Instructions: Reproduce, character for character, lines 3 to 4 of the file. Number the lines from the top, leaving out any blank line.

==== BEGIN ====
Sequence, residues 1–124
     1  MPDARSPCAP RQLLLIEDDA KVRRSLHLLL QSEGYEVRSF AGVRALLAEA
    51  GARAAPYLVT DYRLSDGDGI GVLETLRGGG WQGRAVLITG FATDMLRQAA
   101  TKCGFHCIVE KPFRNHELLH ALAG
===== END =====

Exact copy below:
    51  GARAAPYLVT DYRLSDGDGI GVLETLRGGG WQGRAVLITG FATDMLRQAA
   101  TKCGFHCIVE KPFRNHELLH ALAG